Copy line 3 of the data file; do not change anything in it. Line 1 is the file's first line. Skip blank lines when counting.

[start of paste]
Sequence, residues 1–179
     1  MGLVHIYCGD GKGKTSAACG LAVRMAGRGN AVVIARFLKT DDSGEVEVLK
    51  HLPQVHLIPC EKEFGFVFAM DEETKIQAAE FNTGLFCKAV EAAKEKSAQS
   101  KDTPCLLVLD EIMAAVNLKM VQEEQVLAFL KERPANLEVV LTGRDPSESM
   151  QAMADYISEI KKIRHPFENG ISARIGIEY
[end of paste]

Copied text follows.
    51  HLPQVHLIPC EKEFGFVFAM DEETKIQAAE FNTGLFCKAV EAAKEKSAQS